Tuesday, January 13, 2015
Recon- part 3
As per the terms of their surrender, be it individual State or Confederate Congress, the civilian government within the State was suspended and placed under military occupation. Each of the generals commanding the occupation sectors appointed a general to be military-governor of the reconstructed State. In order to assure a smooth transition back into the Union and a loyal government, each of the generals and their staff were given authority over who could and could not be in the new civilian governments.
The first to be reformed were the individual towns and counties. They seldom had much interference from military rule, save to bare certain individuals from public office. At the top of the list was everyone in the Confederate bureaucracy, both national and State level. Given the lack of skilled people able to take up running the States during the era, these restrictions were soon limited to the higher echelons of either tier of government.
Those in the lower tiers were forced to swear an oath of allegiance to the United States before they could even obtain permission to run for office of apply for employment with the elected official’s department. During the first few years of Reconstruction the number of Southerners attempting to obtain permission was small and primarily at the local level. At State level, seeking permission and swear allegiance to the United States was seen simply as collaborating with the Yankee. Few took the risk.
One who did was Colonel Christopher Fuller of the 77th Cuba Infantry. He fought against United States Marines in his home State for years and swore to his dying day that had the order been given, he would have fought them until his dying day. For too many of his comrades, such a proclamation turned out to be true, though their deaths were not at ripe old ages. Cuba, despite its large slave population in the 1860s, was always a rather reluctant member of the Confederate States.
Its succession convention was held by a handful of mostly self-appointed delegates who represented only the Anglo plantation owning elite. The Spanish plantation owners were divided on the issue and the Mestizo and Freedmen ranchers and small farmers, along with small White land holders were against succession. Many of the Whites took the Union up on the peace terms and resettled in the United States, primarily in Kentucky and Costa Rica.
Fuller was born in Jacksonville into the Anglo elite, though he took a Spanish wife and lived in strongly Catholic Santiago. His home was the first major Confederate city to fall to the Union when it, along with Guantanamo, were targets of the late 1914 invasion. He nor his wife owned any slaves and thus their home was spared the torch, though Marines did help themselves to its wine cellar.
Cuba had always been the oddball of the Confederate States. Its demographic made it the most liberal State, more so than Louisiana. It also was one of great contrasts. It retained slavery in the agricultural and tourist industries yet had the most liberal laws concerning freedmen. Free Blacks were allowed to own property, theoretically including slaves though few were known to have taken advantage of it. Though the land-owning Whites, Anglo and Spanish, dominated politics and government, there was a great deal of legal equality among the races. Enough so that Roosevelt once referred to it as the most egalitarian of the Confederate States.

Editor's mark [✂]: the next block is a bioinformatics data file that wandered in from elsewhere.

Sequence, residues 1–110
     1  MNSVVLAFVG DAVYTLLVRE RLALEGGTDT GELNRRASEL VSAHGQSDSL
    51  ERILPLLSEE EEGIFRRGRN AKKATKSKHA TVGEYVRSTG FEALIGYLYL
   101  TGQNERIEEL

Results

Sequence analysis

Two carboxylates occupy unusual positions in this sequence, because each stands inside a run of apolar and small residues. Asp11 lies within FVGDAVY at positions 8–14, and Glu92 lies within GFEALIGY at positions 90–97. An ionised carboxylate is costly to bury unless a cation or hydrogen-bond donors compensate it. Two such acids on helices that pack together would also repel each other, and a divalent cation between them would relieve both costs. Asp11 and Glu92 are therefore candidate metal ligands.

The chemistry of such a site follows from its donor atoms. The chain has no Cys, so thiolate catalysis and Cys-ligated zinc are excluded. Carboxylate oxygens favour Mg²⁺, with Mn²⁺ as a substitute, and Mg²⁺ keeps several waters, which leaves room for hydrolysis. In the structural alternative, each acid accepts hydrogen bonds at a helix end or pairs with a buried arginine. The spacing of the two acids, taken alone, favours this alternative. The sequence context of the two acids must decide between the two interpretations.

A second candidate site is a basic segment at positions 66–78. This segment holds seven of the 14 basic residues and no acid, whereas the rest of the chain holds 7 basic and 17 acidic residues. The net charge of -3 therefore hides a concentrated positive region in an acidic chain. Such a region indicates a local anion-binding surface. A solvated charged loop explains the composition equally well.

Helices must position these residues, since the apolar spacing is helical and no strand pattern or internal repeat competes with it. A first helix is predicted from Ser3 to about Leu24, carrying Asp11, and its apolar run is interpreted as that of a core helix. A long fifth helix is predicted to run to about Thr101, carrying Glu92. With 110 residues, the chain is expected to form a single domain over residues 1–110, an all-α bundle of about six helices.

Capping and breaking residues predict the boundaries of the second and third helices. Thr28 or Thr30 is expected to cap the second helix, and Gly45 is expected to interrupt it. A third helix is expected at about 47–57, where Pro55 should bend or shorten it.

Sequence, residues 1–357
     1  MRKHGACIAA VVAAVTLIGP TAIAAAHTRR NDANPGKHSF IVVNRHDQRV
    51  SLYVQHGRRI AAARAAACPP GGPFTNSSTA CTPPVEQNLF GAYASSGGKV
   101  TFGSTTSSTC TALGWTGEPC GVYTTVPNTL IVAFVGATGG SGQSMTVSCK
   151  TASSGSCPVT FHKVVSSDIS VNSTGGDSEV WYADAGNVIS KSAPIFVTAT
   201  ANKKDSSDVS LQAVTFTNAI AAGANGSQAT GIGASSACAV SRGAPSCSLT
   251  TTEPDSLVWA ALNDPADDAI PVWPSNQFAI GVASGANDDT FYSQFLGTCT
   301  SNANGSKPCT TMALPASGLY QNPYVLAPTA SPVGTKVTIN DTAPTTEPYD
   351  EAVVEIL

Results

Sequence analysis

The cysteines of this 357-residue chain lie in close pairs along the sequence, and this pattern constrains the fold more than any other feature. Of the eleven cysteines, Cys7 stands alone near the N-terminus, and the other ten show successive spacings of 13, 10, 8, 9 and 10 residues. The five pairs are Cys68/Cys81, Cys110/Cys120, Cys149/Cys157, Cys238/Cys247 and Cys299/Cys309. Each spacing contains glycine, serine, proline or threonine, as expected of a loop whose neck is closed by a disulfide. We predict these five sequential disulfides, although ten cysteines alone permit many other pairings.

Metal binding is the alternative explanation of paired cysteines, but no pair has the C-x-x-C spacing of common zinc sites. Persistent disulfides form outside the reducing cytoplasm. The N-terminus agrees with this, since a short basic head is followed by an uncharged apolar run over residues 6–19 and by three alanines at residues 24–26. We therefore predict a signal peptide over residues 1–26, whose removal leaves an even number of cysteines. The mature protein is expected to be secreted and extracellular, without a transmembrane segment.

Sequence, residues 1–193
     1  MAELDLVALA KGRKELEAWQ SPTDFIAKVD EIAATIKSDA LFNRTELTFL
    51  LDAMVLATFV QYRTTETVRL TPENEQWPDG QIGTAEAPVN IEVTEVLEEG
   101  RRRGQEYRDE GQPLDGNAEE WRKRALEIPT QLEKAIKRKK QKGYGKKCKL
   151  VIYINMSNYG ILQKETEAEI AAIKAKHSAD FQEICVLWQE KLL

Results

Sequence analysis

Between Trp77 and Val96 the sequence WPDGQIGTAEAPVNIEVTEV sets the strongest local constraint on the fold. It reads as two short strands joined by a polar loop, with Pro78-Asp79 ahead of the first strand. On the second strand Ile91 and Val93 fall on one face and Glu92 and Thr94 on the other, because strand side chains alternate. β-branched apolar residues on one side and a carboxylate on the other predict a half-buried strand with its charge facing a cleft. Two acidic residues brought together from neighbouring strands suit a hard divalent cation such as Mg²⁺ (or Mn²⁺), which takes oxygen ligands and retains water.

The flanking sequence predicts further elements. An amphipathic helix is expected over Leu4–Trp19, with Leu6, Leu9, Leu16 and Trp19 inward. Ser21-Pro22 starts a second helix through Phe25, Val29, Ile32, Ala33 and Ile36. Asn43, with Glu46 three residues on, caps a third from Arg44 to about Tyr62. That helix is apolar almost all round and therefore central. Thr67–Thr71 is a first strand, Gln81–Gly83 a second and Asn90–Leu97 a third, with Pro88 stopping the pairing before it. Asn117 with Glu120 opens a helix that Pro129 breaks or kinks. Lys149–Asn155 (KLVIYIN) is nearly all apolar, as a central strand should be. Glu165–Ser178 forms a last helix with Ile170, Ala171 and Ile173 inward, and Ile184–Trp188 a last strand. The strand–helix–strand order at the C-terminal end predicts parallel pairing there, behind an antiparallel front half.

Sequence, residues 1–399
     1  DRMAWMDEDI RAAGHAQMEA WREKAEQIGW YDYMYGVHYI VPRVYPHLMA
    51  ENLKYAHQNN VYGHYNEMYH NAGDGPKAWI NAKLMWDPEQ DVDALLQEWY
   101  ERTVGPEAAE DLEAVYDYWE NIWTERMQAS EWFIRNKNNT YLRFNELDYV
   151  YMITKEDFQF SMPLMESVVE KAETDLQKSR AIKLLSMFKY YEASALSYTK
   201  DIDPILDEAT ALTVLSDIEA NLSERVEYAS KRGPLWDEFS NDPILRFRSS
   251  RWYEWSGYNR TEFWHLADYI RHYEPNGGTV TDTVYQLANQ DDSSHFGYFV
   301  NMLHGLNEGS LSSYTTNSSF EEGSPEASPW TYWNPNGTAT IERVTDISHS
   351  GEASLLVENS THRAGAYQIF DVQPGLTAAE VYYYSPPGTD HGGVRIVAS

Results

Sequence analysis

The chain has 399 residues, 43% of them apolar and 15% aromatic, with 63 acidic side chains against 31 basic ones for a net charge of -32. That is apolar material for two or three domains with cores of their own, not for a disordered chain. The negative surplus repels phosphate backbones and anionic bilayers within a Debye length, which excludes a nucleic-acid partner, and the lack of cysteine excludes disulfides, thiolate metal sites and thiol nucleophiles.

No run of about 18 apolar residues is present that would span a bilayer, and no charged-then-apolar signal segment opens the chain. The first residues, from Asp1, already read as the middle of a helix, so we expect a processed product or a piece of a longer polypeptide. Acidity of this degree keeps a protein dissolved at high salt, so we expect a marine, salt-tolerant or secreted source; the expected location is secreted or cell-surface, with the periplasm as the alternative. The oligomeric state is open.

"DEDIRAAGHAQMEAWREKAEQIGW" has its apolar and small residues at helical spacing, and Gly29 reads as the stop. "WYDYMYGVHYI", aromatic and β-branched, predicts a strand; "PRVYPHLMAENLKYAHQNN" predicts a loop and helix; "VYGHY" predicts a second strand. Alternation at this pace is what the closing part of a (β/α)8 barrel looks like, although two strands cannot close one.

This attitude would aid it greatly in returning to the Union as an equal among States. Fuller knew there was little point in resisting reunion and believed his fellow Cubans should put the past behind them and move forward. In order to run for office, he was forced to take the oath of allegiance, a process that he said afterwards left a worst taste in his mouth than the cheapest of gin. He was also limited to what political affiliation he could chose from the select granted to him by the USMC Governor-General, that being the four political parties of the Union.
Even after more than fifty years, no self-respecting Southerner would join the Republicans, the party of Lincoln. He also viewed the Labor Party as a thinly veiled platform for socialism. He respected the Progressive Party, for it was the party of Roosevelt and the party that defeated the C.S.A.. Because of the latter, he stayed away. This left him with the Democratic Party, which he found ironic. The US and CS both had their own native Democratic Parties and both followed similar ideologies.
His choice was more than for personal preference. Another similarity between the two government was that one candidate from each party was allowed to run for any given office. As a registered Democrat, Fuller was guaranteed election for the governorship as well as Congressional Representative and possibly Senator, depending on the make up of the State Assembly and that in turn would depend on how many of the recently freed slaves were allowed to vote. Black men had the franchise in the United States, mainly because they comprised less than three percent of eligible voters. Close to thirty percent of Cuba’s population was Black, making the political dynamics far different.
When he ran for office in 1924, when Cuba was declared reconstructed, handily winning a seat in the State Assembly for his district. From there, he continued to preach reconciliation as a veteran of the Confederate Army and as a citizen of the United States. He also fought against the corruption growing in Cuba both from organized crime and from vulture capitalists, with one of his greatest political enemies becoming the former Union privateer Joseph Kennedy, who used his political connections to muscle his way into the privatization of formerly Cuban owned industries.